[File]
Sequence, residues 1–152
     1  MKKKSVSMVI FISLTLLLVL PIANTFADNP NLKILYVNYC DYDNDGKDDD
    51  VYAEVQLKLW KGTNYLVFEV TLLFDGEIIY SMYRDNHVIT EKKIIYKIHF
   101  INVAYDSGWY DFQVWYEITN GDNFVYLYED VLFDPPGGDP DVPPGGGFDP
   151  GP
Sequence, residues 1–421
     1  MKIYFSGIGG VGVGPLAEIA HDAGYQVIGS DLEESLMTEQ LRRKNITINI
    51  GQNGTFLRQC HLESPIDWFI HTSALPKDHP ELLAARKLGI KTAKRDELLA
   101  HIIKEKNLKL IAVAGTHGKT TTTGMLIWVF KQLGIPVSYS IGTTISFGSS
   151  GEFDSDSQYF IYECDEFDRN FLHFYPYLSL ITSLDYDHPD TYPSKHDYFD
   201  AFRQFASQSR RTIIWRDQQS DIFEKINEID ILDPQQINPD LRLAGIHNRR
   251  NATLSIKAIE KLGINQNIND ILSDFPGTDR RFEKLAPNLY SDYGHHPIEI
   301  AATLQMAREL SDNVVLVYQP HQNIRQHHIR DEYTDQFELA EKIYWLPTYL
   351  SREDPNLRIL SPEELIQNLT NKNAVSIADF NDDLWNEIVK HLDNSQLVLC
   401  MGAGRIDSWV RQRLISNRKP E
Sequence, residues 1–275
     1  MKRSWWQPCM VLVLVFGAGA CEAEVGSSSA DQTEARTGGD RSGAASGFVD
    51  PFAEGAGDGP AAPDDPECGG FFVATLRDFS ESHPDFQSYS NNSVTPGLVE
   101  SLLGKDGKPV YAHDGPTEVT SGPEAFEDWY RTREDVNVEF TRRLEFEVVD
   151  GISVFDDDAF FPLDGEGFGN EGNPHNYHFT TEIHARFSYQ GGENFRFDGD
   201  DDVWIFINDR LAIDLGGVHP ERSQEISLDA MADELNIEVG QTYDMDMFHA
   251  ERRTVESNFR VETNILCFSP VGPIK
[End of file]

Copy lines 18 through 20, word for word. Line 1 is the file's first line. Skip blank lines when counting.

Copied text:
    51  PFAEGAGDGP AAPDDPECGG FFVATLRDFS ESHPDFQSYS NNSVTPGLVE
   101  SLLGKDGKPV YAHDGPTEVT SGPEAFEDWY RTREDVNVEF TRRLEFEVVD
   151  GISVFDDDAF FPLDGEGFGN EGNPHNYHFT TEIHARFSYQ GGENFRFDGD